Aereogramme Spawns The Unwinding Hours
Their debut self-titled album is an intensely rewarding experience with the literate flair of the song-writing effortlessly matched by Craig and Iain's musical ambition & creative scope. Avid cineastes, The Unwinding Hours acknowledge the influence of film on their work by taking their name from a reference buried deep within Stanley Kubrick's "The Shining".
The Unwinding Hours started out as a means for Craig to record some of his songs with the help of Iain after the demise of Aereogramme, but with no plans for a commercial release or to play them live. As Iain grew more excited about the material, The Unwinding Hours became a collaborative project, with a very different character to the material they recorded as part of Aereogramme. The album was written and recorded throughout 2008 and 2009, in Iain's own Alucard Studios on the south side of Glasgow (only the drums were recorded elsewhere, by Paul Savage in Chemikal Underground's Chem19).
The recording of the album was a leisurely process as Iain was busy with other projects throughout the year so, out of necessity, they only worked on the songs for a few hours a week or fortnight. As Iain says, "There were no expectations or deadlines, so it felt like a really enjoyable and relaxed way of trying out new ideas and seeing if they stuck."
The album opens with the gorgeous slow-burn of Knut: the longest track on the album at just under six minutes, it's an elegant exercise in layered sounds and propulsive dynamics. Iain explains that "It was only during the final stages of the mix that we decided to try out vocals on the track and that's when it totally came to life for me and also tied the song in effectively with the rest of the album. I love this one now and I think it's a nice way to start the record." There Are Worse Things Than Being Alone juxtaposes sweet sounding elements like the acoustic guitar and strings with some very unsettling noise elements. The opening suggestion that "something's wrong..." develops gradually until, by the end of the song and the "Let me out of here, my love..." line, the sweetness is completely engulfed by wave after wave of noise, the creeping claustrophobia of a failing relationship.
So we touch on the subject matter that forms the beating heart of the album, something Craig is happy to clarify: "The main themes throughout the record are of relationships: some ending, some starting, some going well, some going very, very badly. Traces attempts to capture that powerful, almost drunken, sensation you feel when a relationship is in its infancy; Child deals with the bitter end of another." There is an argument that wreckage (emotional or otherwise) recurs heavily throughout the course of the album: Annie Jane is named after a real shipwreck while the closing track, The Final Hour, emerged from its own period of prolonged upheaval. Initially recorded in a friend's Boston studio during Aereogramme's last tour of the US, The Final Hour demo was conceived with the rain hammering down on a dispiriting, traumatic tour and, as Iain points out, "The original demo definitely reflected that. So much so that I don't think Craig even wanted to listen to the song again let alone put it on the album, but I kept insisting it was a belter and that we should work on it. The refrain that Craig sings in the latter half of the song "I saw you..." is one of my favourite things he has written and I wanted the music to be devastatingly loud and slow."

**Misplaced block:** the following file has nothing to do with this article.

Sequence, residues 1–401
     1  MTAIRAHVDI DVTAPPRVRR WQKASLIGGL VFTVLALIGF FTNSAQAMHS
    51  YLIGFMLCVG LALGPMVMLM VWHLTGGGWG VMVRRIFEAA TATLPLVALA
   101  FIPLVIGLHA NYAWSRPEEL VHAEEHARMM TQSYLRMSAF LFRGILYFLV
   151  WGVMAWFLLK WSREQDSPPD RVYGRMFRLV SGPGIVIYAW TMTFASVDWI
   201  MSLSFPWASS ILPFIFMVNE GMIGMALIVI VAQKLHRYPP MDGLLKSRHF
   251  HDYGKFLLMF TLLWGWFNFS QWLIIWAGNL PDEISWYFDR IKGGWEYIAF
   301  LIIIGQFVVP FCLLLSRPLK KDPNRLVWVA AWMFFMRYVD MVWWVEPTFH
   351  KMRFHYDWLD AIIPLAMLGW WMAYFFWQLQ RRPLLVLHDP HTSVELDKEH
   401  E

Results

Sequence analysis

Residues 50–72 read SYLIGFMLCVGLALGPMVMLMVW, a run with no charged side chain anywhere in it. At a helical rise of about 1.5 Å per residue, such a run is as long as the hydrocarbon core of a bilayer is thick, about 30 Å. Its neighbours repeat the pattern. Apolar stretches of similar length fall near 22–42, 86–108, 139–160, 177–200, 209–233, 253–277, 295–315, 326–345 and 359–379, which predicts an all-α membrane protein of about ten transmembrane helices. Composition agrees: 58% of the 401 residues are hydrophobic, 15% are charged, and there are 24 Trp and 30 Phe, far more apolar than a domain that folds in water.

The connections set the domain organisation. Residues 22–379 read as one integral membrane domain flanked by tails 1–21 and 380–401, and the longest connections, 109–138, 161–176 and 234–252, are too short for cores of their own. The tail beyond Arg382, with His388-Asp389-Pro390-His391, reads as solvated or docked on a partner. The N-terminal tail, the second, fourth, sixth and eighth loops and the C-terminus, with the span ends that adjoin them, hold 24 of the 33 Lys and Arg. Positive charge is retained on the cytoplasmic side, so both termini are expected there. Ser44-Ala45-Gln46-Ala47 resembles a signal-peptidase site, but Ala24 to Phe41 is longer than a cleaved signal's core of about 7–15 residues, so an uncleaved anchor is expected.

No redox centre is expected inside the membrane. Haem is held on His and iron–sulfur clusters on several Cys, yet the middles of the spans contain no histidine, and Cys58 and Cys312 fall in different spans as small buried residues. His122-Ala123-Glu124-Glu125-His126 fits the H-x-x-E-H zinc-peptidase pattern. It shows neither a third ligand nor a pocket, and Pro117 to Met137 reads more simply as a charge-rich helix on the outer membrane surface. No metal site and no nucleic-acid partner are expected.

Delighted with the end product of their recording sessions, Craig and Iain are already talking about starting work on songs for a second album although there's no prospect of altering the leisurely process of evolution that's been so successful for them on their debut. With such a critically acclaimed body of work already behind them with Aereogramme, The Unwinding Hours look set to expand and develop that legacy if their stunning ten track debut is anything to go by.